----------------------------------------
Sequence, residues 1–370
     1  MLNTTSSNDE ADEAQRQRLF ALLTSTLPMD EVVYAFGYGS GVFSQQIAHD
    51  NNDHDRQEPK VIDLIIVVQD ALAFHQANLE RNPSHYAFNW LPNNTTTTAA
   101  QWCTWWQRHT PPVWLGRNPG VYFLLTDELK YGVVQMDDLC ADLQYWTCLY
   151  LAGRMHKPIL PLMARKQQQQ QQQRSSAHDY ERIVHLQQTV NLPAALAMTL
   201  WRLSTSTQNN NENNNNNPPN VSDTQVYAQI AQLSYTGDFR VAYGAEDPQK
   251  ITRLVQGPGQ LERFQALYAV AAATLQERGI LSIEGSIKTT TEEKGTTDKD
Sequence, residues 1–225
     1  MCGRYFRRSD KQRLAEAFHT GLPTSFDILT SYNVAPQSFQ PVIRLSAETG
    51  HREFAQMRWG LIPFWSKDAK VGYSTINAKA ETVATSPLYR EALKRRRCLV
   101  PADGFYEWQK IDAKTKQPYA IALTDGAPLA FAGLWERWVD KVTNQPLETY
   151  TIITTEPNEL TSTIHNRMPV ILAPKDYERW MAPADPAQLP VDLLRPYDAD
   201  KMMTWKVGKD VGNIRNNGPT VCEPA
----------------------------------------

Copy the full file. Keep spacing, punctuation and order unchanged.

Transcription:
Sequence, residues 1–370
     1  MLNTTSSNDE ADEAQRQRLF ALLTSTLPMD EVVYAFGYGS GVFSQQIAHD
    51  NNDHDRQEPK VIDLIIVVQD ALAFHQANLE RNPSHYAFNW LPNNTTTTAA
   101  QWCTWWQRHT PPVWLGRNPG VYFLLTDELK YGVVQMDDLC ADLQYWTCLY
   151  LAGRMHKPIL PLMARKQQQQ QQQRSSAHDY ERIVHLQQTV NLPAALAMTL
   201  WRLSTSTQNN NENNNNNPPN VSDTQVYAQI AQLSYTGDFR VAYGAEDPQK
   251  ITRLVQGPGQ LERFQALYAV AAATLQERGI LSIEGSIKTT TEEKGTTDKD
Sequence, residues 1–225
     1  MCGRYFRRSD KQRLAEAFHT GLPTSFDILT SYNVAPQSFQ PVIRLSAETG
    51  HREFAQMRWG LIPFWSKDAK VGYSTINAKA ETVATSPLYR EALKRRRCLV
   101  PADGFYEWQK IDAKTKQPYA IALTDGAPLA FAGLWERWVD KVTNQPLETY
   151  TIITTEPNEL TSTIHNRMPV ILAPKDYERW MAPADPAQLP VDLLRPYDAD
   201  KMMTWKVGKD VGNIRNNGPT VCEPA